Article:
Signs of overstimulation in infants and toddlers
And how to calm down kids of all ages
Juice Staff Published: 5/16/2018
Whether you are a seasoned parent or new to the game, it’s important to know the signs of overstimulation in your child. Babies go from the cozy, quiet womb out into the big, loud world — it can be a lot for a baby to take in. Here are some tips from Vicki Tierney, an occupational therapist with Wolfson Children’s Hospital.
The best thing you can do to avoid overstimulating your infant is to stick to a predictable routine. While you might be ready to hit the town, head to lunch with friends, or do some shopping at Target, all of that activity could overstimulate your little one. When you do have baby in tow during errands, watch for signs that your baby has had enough and be prepared to cut the outing short should your baby be inconsolable.
- If your newborn is overstimulated, you may see them:
- Appear limp with glassy eyes
- Change colors and become red or splotchy
- Cover their eyes or face
- Cry excessively
- Turn their head away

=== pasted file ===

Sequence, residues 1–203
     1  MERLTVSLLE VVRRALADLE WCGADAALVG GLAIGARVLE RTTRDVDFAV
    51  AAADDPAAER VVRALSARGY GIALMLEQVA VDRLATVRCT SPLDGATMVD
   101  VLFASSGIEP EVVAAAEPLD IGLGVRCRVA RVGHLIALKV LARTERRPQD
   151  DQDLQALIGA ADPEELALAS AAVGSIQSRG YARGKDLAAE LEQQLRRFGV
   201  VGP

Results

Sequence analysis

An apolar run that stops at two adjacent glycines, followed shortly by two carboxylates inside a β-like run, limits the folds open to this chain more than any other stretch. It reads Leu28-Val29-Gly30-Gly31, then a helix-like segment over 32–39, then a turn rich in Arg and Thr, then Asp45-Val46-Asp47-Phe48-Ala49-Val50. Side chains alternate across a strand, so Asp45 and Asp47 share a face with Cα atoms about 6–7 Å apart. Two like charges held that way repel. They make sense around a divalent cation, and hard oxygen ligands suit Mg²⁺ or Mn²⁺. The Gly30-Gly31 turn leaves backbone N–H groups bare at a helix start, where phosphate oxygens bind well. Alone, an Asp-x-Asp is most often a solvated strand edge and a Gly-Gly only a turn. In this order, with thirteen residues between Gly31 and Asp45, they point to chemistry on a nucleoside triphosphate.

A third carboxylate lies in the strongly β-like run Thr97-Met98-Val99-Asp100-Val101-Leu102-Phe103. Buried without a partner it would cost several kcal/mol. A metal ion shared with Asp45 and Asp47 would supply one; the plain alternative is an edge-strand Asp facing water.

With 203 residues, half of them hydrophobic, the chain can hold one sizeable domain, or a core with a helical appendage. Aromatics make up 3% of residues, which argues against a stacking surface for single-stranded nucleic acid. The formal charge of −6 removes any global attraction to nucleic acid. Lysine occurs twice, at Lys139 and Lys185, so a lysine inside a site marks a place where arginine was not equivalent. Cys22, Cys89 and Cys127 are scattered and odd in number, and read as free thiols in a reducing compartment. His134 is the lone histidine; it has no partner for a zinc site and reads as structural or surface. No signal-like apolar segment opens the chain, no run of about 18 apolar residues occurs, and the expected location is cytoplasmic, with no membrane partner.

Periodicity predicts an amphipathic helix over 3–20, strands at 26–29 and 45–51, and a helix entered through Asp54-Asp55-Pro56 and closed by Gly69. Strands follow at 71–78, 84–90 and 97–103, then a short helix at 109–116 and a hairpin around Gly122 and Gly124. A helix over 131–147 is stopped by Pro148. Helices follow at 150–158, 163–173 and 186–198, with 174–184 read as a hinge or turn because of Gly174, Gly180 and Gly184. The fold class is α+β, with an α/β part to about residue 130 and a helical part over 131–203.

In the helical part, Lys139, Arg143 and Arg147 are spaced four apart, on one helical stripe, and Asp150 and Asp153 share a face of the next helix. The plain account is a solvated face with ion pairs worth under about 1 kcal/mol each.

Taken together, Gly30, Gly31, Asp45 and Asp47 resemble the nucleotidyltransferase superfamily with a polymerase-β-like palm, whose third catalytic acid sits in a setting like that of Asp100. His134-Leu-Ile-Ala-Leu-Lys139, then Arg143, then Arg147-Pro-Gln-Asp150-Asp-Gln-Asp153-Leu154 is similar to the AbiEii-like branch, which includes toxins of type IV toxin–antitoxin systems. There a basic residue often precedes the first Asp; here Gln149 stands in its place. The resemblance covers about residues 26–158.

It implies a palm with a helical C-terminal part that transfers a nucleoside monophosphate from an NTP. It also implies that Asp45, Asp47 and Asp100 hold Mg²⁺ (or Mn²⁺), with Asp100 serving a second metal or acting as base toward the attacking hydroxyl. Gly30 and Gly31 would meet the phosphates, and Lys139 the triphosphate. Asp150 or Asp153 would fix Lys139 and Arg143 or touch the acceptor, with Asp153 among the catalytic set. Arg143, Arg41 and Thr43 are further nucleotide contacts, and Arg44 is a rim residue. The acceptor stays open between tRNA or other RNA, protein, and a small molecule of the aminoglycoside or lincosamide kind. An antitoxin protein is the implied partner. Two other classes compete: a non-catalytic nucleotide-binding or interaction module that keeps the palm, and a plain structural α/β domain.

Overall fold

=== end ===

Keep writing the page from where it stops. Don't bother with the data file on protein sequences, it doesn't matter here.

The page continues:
- Wave or kick arms and legs in an agitated way
- Yawn or hiccup excessively
When you see these signs of stress from your newborn, don’t fret. There are several tried-and-true techniques to soothe your baby. Start by addressing any needs, like feeding or changing their diaper.
- Always check to see if your baby needs a clean diaper, a burp, or just a new position.
- Reduce visual, auditory and social stimulation. Dim the lights and move to a quieter place.
- Provide white noise such as the sound of a running dishwasher, a fan or easy listening music.
- Offer their hand or pacifier to their mouth to suck.
- Swaddle your baby in a blanket firmly, but not too tightly.
- Properly secure your baby in their car seat and take them for a drive.
When you see signs of overstimulation from your toddler, try to remove them from the situation, provide noise-reducing headphones or find a relaxing activity to focus on. It could just be time for a nap!
- If your toddler is overstimulated, you may see them:
- Become angry or irritable with touching or holding
- Become unreasonably cranky and irritable
- Cry and become unable to use words to describe feelings
- Refuse to be consoled
- Throw a temper tantrum
Calming a baby or toddler can be trying, even for the best of parents, and the process require a lot of trial and error. Experiment with some of these tips and see what works for you and your little one.